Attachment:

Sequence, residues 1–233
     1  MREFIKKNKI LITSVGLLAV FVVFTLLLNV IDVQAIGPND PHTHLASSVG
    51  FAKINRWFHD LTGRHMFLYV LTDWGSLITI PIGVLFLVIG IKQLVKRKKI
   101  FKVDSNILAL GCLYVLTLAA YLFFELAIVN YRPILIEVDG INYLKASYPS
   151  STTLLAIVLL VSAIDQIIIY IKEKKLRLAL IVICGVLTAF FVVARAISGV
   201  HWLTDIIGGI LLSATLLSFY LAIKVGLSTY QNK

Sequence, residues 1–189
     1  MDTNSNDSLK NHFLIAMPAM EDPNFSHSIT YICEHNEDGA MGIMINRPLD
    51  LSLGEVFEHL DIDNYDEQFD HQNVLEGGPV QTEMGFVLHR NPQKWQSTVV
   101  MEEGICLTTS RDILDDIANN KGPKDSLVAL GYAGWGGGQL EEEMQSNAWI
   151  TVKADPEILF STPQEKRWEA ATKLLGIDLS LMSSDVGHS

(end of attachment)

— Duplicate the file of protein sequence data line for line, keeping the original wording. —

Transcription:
Sequence, residues 1–233
     1  MREFIKKNKI LITSVGLLAV FVVFTLLLNV IDVQAIGPND PHTHLASSVG
    51  FAKINRWFHD LTGRHMFLYV LTDWGSLITI PIGVLFLVIG IKQLVKRKKI
   101  FKVDSNILAL GCLYVLTLAA YLFFELAIVN YRPILIEVDG INYLKASYPS
   151  STTLLAIVLL VSAIDQIIIY IKEKKLRLAL IVICGVLTAF FVVARAISGV
   201  HWLTDIIGGI LLSATLLSFY LAIKVGLSTY QNK

Sequence, residues 1–189
     1  MDTNSNDSLK NHFLIAMPAM EDPNFSHSIT YICEHNEDGA MGIMINRPLD
    51  LSLGEVFEHL DIDNYDEQFD HQNVLEGGPV QTEMGFVLHR NPQKWQSTVV
   101  MEEGICLTTS RDILDDIANN KGPKDSLVAL GYAGWGGGQL EEEMQSNAWI
   151  TVKADPEILF STPQEKRWEA ATKLLGIDLS LMSSDVGHS